Do you really think that you are encouraging us take care of our bodies by hating them? Do you really think that nobody has ever told us about diet and exercise before? What do you think would happen if people started loving their body’s just as they are? Our bodies are miracles! They are beautiful and capable and their worth cannot be diminished by your ‘good will’.

-Amy out

Old Pictures, New Attitude

Last week I found myself looking through old pictures. A couple of years ago this activity would have been…difficult.

I would look at a picture and see everything but myself. I would see a visible belly outline and an extra chin. I would see every calorie I had ever consumed and every mile I didn’t run. I would see every failure, every rejection, every cruel joke at my expense. I would see a before picture.

Luckily, 3 years ago some crazy lady on the internet  suggested to me that maybe I didn’t have to hate myself. It’s been a tug-o-war, kicking, screaming, 1 step forward, 3 steps back, all out brawl kind of journey. There have been days weeks months where I thought that it was hopeless. It took courage to keep coming back but it was worth it!

This time was different. I saw pictures of myself that I used to hate and now I think that I actually look really nice! I love my crazy hair, my visible belly outline, my soft curves. I looked at myself with love. It was an experience I have never had before. I am so proud of how far I’ve come and I am so happy to keep going!

Now it’s my turn to be the crazy lady on the internet. I know that everyone reading this knows these negative feelings or has known them at some point. I promise that you are worthy of love and unconditional acceptance. You are worthy of being looked upon and adored. You are worthy of respect and admiration. You. Are. Worthy!!

-Amy out

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Body Mass Index? More like Barely Meaningful Integer…amIright?!

What’s this? A Blog post from the other side? No! I am, in fact, still alive. I have been taking time to learn more about the Size Acceptance movement and Health At Every Size as well as the important differences between the two. I’ve decided to dig even deeper (and blog about it along the way). This month I am learning about BMI and the results aren’t pretty.

IMPORTANT NOTE: TRIGGER WARNING: In this post I will be using terms like ‘obese’ as it is a term associated with BMI labeling. I will also be discussing metabolic health. It is important to note that health is not an obligation nor a ‘barometer of worthiness’ (as the lovely Ragen would say), nor is it always within your control. This blog is only meant to discuss the short comings of the BMI system and the effects it has on society and policy. Also, this is a really long blog post. Read it anyway.

Body Mass Index (BMI) is a mathematical formula used to generate a number based on the height and weight of an individual. This magical number is then supposed to determine things like health and longevity but instead determines things like whether or not you will qualify for health care, whether or not you will receive an evidence-based diagnosis and treatment from your doctor (read this! And this!), how much weight-based social stigmatization you will face, etc. Why is it so ineffective? Let me count the ways!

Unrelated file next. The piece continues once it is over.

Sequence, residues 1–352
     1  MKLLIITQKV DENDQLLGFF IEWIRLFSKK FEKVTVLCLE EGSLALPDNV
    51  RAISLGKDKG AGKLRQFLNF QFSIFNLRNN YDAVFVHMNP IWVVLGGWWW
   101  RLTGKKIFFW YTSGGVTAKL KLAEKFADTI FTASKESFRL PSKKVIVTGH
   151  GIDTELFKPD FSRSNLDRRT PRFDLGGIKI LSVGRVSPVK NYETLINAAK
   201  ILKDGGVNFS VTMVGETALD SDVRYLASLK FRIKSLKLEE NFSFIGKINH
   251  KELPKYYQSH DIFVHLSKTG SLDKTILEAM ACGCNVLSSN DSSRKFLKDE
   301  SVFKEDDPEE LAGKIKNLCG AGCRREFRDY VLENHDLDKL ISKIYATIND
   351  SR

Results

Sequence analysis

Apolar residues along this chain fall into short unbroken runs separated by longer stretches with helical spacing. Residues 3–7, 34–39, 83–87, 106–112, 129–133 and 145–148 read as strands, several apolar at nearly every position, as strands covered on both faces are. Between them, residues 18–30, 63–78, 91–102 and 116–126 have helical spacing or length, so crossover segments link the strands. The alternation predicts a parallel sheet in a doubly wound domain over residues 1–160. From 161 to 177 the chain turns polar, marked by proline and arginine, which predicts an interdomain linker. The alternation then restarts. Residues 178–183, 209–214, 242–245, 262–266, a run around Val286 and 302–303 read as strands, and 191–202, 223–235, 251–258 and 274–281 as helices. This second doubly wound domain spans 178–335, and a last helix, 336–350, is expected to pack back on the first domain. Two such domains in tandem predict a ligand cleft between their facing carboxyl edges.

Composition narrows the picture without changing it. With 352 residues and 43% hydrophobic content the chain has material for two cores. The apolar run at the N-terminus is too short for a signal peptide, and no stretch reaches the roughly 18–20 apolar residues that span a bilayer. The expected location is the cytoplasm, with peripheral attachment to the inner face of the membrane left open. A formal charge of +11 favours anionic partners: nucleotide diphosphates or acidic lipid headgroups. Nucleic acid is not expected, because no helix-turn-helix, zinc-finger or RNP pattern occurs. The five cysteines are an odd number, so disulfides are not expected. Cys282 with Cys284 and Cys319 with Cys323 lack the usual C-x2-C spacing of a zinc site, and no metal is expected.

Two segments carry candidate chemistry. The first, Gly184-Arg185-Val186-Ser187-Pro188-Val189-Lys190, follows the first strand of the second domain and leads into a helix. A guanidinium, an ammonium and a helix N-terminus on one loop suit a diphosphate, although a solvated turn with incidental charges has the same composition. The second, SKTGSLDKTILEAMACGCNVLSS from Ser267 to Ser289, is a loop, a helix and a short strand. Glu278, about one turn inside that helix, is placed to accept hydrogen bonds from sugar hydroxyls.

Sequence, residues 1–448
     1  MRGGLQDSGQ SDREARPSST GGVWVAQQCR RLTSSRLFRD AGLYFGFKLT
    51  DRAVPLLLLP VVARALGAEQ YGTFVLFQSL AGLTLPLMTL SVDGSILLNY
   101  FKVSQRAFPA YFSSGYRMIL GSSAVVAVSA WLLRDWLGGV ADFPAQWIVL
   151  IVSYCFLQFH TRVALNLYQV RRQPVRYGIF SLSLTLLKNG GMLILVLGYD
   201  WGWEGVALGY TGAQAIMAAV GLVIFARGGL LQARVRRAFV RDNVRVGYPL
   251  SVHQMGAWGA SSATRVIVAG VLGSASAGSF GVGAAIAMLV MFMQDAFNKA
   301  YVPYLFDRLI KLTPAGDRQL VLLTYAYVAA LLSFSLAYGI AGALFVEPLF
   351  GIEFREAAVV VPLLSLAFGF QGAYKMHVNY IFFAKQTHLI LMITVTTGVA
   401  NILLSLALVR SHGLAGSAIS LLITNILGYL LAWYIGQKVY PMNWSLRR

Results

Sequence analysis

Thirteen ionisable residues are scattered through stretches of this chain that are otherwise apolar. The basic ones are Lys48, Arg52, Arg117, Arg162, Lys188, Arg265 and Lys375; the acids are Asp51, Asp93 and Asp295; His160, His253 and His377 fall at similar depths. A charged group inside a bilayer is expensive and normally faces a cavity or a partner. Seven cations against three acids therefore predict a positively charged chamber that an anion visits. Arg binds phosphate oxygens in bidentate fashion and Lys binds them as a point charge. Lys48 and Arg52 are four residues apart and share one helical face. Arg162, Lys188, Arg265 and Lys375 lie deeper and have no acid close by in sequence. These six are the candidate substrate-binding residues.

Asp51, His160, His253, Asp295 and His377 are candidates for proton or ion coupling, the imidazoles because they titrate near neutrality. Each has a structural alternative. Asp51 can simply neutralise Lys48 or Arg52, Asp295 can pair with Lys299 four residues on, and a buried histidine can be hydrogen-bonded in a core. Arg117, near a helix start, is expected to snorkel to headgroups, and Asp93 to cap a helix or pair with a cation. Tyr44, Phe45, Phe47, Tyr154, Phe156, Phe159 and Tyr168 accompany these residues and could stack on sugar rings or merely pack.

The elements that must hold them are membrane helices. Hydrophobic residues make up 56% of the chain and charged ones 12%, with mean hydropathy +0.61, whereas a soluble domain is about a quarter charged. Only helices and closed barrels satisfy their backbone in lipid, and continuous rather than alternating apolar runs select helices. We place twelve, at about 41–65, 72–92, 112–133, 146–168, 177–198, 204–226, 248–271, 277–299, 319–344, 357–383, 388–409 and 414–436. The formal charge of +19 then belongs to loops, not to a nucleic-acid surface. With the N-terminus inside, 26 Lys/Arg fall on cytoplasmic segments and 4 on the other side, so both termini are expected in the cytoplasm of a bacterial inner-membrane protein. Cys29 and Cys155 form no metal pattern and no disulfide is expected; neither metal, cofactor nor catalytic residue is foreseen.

The ways:

  1. It’s the wrong tool for the job

The BMI system was never intended to measure individual health but was meant to measure and predict trends in large populations. Its inventor, was statistician/sociologist (read: not a medical doctor) and wouldn’t have been considered an expert in the medical field 200 years ago let alone today. Even the dude responsible for making BMI popular in medicine today explicitly stated that it was not appropriate for individual evaluation.

We have the ability to measure the metabolic health of an individual without profiling them by their appearance. If fitness level and behaviors are measured, a much more accurate and individualized picture can be established independent from weight and height. Why is the BMI system still used over other more accurate methods? Answer: it’s cheap, easy and profitable. Our fear and misconceptions about our health are making a lot of people very rich.

  1. Metabolic health is complex

BMI makes no concession for things likes muscle mass, bone density, body fat percentage, fitness level, etc. The idea that it can predict health when it cannot even account for these things is ridiculous. Body builders often complain that according to their BMI they are classified as overweight or obese! This may seem like a superficial complaint, but when it begins to affect your ability to qualify for health insurance, it becomes a serious issue. Sounds a little cash grabby on the part of the health insurance industry, doesn’t it?

The truth is that health is a complicated and multifaceted issue and profiling someone’s health by their size is both foolish and damaging. Angela Meadows notes that “thin people are not treated for conditions that doctors think they can’t have, fat people are treated for conditions they don’t have, and eating disorders rise exponentially in ever younger children.” In fact, studies show that a substantial portion of the population is misidentified when using BMI as a valuation of health. This results in sicker people not being treated and additional cost burdens to health care for people who are being treated unnecessarily.

  1. Weight is not a measure of health.